Figure 4.
Sketch of the micro cantilever moving sideways, after having entered parallel to the sensor lines as in Figure 3.

The set of results in Figure 5(a), show the response of the sensor as the micro cantilever enters perpendicular to it and therefore perpendicular to its channels too. These results also show the difference in terms of current (nA), between the signal linked to the movement detection coming from the micro cantilever and the signal related to the movement detection coming from its holding structure. As previously stated, the micro object was moving in the direction perpendicular to the sensor lines and the line numbering adopted is that one indicated in Figure 1(a), where movement started at the highest number. For these particular results, the movement of the micro cantilever and its holding structure were both scanned at steps of 5 μm.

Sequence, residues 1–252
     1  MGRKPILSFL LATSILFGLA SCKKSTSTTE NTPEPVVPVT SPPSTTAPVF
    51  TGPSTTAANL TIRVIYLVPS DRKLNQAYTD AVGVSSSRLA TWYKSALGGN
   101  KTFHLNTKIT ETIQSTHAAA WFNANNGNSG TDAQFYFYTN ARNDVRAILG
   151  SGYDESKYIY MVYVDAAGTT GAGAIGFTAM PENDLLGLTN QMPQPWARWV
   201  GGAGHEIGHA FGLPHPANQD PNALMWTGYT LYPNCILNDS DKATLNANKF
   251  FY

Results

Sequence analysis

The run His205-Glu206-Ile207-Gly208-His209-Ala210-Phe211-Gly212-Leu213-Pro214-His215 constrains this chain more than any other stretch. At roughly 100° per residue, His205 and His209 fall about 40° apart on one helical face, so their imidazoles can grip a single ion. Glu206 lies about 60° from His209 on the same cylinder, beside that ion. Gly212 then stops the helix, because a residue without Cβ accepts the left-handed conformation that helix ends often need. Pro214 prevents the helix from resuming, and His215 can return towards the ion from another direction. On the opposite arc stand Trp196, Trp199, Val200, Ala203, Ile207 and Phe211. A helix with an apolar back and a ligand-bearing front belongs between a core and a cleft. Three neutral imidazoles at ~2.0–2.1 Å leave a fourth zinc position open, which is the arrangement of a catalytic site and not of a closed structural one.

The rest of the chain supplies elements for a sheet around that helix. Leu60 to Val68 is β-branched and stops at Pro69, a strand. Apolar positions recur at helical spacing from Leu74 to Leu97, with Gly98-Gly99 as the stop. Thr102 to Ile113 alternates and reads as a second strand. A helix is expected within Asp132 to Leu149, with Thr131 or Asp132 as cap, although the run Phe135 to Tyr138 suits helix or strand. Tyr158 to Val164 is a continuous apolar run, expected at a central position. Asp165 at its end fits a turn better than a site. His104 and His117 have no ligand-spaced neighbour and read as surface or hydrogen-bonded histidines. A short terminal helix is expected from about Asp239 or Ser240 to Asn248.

Figure 5.
(a) Sketch of the micro cantilever and its holding structure entering perpendicular to the sensor lines (b) Sketch of the response of each detector at the 3 nA threshold level, when just the holding structure of the cantilever is present (c) Sketch of ...